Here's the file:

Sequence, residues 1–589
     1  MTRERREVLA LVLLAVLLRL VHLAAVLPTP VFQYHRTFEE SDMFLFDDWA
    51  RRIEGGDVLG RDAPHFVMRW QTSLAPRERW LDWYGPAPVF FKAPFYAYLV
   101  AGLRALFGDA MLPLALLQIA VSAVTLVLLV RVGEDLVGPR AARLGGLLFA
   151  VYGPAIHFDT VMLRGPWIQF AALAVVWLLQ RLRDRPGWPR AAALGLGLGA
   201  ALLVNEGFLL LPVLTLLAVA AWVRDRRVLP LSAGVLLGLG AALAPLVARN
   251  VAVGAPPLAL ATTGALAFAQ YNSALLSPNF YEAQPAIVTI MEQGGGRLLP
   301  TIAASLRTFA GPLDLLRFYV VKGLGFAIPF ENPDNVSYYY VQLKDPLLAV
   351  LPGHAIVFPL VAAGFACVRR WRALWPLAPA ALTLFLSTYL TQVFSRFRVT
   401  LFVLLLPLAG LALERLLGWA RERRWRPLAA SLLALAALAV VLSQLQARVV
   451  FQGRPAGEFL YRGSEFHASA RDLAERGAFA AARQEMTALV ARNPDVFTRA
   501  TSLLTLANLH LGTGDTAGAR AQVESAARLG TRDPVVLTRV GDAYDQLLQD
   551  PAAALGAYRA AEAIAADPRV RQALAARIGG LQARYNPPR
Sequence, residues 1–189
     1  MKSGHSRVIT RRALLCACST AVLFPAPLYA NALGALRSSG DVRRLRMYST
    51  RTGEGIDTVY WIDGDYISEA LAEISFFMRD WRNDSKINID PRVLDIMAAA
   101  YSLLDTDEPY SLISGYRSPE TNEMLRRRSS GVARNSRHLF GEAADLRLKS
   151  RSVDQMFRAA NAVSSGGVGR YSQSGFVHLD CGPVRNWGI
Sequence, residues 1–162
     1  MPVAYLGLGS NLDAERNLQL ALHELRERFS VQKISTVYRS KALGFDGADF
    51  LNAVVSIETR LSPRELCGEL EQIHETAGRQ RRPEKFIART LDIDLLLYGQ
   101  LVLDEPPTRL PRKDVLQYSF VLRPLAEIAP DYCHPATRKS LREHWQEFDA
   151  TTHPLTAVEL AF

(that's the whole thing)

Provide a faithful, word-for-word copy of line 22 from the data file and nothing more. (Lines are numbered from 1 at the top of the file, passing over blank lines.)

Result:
   101  LVLDEPPTRL PRKDVLQYSF VLRPLAEIAP DYCHPATRKS LREHWQEFDA